The DP includes both the northwest (48.321-acres) and northeast (17.1-acres) tracts within the Southgate development and contains approximately 78.69 acres of land. The proposed plan is in compliance with the Development Agreement for Southgate, which limits the maximum number of single-family residential units to 475.

Development Services Executive Director Doug Powell said the northwest tract is the first area with residential and park land to be developed.

The DP approval is for 422 buildable, single-family lots, out of which 347 are single-family attached residential lots and 75 are single-family detached residential lots.

Mayor Tom Hayden had said the original plan was for 1,200 apartments, which was opposed by the council. He added that the current property owners have said they have no interest in building any apartments.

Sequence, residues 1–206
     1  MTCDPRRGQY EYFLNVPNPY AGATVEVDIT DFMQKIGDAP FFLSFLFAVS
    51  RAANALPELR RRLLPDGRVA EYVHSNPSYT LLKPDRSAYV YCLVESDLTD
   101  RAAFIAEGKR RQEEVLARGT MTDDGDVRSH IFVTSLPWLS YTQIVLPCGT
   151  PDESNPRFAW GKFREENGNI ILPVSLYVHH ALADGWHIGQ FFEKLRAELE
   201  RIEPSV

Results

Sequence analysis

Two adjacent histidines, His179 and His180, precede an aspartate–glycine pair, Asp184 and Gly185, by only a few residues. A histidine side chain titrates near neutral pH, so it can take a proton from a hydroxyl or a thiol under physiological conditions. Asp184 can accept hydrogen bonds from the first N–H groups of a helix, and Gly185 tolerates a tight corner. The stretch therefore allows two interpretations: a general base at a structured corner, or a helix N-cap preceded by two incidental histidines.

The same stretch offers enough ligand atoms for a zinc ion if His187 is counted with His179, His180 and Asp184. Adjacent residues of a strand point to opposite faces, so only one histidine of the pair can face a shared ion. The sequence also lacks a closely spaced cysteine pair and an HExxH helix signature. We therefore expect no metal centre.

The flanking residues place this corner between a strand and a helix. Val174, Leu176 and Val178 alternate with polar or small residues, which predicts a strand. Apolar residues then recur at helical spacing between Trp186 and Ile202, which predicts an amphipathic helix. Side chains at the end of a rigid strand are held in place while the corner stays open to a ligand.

“Putting that many residential lots at the entrance of our town — at the beginning of a commercial zone– I’m having a hard time with this,” said council member Kevin Bryant. “But, the property has been zoned already.”

That Master Plan and re-zoning history was also why the item was not open for public participation; it’s a done deal.

Town Attorney Bryn Meredith was asked what would happen if council did not approve the DP for Southgate.

“State law mandates council to approve [in a public meeting] the plat to avoid liability,” he said.

Meredith added that because the zoning and land use have been approved, the DP was merely part of the land re-platting process.

Considering the legal consequences, Dixon attempted to put things into perspective.

“What would you rather have on this property; an apartment complex with rental units or single-family ownership?” he asked. “I think most people in Flower Mound are automatically going to say ownership.”